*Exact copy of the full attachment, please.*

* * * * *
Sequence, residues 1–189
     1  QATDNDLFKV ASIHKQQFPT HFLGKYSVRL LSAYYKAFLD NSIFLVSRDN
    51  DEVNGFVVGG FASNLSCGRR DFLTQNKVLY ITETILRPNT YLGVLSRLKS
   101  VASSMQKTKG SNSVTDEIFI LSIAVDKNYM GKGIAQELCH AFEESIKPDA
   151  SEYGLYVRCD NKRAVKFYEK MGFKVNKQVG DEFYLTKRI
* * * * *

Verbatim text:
Sequence, residues 1–189
     1  QATDNDLFKV ASIHKQQFPT HFLGKYSVRL LSAYYKAFLD NSIFLVSRDN
    51  DEVNGFVVGG FASNLSCGRR DFLTQNKVLY ITETILRPNT YLGVLSRLKS
   101  VASSMQKTKG SNSVTDEIFI LSIAVDKNYM GKGIAQELCH AFEESIKPDA
   151  SEYGLYVRCD NKRAVKFYEK MGFKVNKQVG DEFYLTKRI